According to court records, on March 12, 2013, the now deceased victim, visited an apartment in Gurdon, Arkansas, where she encountered the defendant, Kevin Bolton, a Gurdon resident. According to statements made by witnesses, the defendant and the victim left the apartment together around midnight in her vehicle. The victim’s mother, after repeatedly and unsuccessfully trying to contact her daughter the next day, became alarmed and filed a missing person’s report with the Gurdon, Arkansas Police Department. Because Bolton was the last person known to be seen with the victim, a BOLO was issued for Bolton, the victim, and her vehicle. Law enforcement officials learned that Bolton had friends on the Cherokee Indian Reservation in North Carolina and sent the BOLO to the Cherokee Indian Police Department there. On March 20, 2013, Cherokee Indian Police officers located Bolton driving the victim’s vehicle and conducted a traffic stop. After smelling a strong odor, officer’s opened the trunk of the car where they found the victim’s body. Bolton was arrested and taken into custody; he waived extradition and agreed to return to Arkansas for prosecution. Clark County Sheriff, Jason Watson, traveled to Cherokee, North Carolina, to interview Bolton and transport him back to Arkansas. After being read his Miranda warning, Bolton told Sheriff Watson that he had accompanied the victim around midnight on March 12th. He admitted that he and the victim had argued outside her parked car and that he grabbed her around her neck and choked her until she fell to the ground. He stated that he choked her until he believed she was dead and then put her in the backseat of her car. After he was arrested and returned to Arkansas, Bolton led Sheriff Watson to the place where he had choked her and put her in the backseat of her car. That location is in Clark County, Arkansas, within the Western District of Arkansas, Hot Springs Division. Bolton told Sheriff Watson he drove the victim’s vehicle until he heard gagging and choking, so he stopped the car, choked her again, and put her in the trunk of her vehicle. Bolton stated that he believed she was still alive when he placed her inside the trunk and began driving out of Clark County towards Little Rock, Arkansas, where he claimed he spent time with strangers he met on the street. He stated he next drove with her inside the trunk to Cherokee, North Carolina to visit a friend, where he parked the vehicle to hide the rear license plate, and told people the trunk of the vehicle could not be opened because it was bolted shut. An autopsy conducted in North Carolina identified the victim through dental comparison, and ruled the cause of death was asphyxiation due to strangulation.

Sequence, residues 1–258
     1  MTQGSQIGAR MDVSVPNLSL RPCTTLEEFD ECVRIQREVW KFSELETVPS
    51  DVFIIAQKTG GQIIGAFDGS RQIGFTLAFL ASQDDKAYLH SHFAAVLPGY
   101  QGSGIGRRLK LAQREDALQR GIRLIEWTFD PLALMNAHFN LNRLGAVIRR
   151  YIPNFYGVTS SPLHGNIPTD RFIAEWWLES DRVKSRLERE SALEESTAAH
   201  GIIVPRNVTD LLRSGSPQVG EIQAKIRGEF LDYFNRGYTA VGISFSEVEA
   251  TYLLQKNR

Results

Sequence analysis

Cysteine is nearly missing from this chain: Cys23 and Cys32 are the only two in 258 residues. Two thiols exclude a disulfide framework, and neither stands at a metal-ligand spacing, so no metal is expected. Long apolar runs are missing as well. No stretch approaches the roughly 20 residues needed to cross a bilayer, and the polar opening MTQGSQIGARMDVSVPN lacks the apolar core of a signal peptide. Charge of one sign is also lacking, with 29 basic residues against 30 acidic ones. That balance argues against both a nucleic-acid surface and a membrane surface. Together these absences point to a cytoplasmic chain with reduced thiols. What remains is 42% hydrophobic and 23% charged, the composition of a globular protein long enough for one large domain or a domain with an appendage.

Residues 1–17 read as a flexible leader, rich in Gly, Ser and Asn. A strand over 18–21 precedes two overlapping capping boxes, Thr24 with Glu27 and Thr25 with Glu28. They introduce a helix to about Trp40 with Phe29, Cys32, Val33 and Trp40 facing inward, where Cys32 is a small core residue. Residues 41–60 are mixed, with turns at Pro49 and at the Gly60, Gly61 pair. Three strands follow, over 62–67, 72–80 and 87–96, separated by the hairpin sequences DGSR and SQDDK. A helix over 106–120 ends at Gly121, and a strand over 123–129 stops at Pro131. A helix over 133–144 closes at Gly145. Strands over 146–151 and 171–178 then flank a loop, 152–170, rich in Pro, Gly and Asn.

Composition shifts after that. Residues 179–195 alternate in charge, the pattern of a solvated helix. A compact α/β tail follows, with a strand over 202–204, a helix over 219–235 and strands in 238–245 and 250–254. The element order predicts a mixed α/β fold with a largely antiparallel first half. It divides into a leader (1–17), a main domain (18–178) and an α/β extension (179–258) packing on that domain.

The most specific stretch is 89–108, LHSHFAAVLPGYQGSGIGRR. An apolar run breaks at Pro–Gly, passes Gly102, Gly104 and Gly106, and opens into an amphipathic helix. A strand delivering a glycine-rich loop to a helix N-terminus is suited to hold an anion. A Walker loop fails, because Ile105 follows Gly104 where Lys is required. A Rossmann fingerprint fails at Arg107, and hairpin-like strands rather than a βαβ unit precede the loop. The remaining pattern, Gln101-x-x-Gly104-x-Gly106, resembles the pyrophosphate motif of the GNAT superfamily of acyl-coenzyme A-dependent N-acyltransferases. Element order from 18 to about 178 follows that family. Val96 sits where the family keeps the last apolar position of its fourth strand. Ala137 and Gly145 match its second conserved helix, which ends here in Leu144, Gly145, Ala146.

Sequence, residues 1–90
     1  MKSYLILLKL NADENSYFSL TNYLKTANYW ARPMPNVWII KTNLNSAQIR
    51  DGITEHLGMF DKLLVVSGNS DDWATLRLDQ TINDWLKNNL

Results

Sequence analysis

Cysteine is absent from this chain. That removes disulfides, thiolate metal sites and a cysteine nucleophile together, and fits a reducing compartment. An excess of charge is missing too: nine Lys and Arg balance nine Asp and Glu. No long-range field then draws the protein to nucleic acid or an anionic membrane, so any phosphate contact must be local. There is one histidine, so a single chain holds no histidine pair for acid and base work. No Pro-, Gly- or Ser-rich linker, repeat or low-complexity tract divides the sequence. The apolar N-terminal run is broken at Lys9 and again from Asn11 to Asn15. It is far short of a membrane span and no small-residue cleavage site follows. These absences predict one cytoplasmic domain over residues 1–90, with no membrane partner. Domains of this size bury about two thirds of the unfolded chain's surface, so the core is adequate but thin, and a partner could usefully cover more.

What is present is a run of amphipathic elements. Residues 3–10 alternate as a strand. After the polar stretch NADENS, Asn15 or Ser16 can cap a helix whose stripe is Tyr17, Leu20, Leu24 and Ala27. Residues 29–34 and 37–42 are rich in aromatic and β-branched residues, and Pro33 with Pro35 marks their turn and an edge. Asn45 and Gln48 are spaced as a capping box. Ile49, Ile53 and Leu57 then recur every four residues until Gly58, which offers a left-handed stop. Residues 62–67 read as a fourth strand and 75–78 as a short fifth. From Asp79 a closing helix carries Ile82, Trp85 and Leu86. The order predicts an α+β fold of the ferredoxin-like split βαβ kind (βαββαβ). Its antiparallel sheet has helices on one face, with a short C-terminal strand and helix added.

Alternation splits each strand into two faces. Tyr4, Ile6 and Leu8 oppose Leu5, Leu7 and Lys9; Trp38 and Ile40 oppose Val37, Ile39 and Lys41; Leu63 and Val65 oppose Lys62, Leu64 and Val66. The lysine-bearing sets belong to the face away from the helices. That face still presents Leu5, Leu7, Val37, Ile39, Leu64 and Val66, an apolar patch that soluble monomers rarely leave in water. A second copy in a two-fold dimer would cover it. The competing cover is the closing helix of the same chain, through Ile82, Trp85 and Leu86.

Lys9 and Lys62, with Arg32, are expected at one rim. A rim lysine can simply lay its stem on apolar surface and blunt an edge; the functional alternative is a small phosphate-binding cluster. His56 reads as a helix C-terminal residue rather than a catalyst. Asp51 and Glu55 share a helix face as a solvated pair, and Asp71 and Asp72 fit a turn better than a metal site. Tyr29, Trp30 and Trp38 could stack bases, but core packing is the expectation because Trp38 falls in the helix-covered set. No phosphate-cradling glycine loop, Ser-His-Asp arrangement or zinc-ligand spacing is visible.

On January 29, 2014, a Federal Grand Jury issued an indictment against Bolton charging him with one count of kidnapping resulting in death. Bolton will be sentenced on a later date. The statutory penalty for the offense is life imprisonment.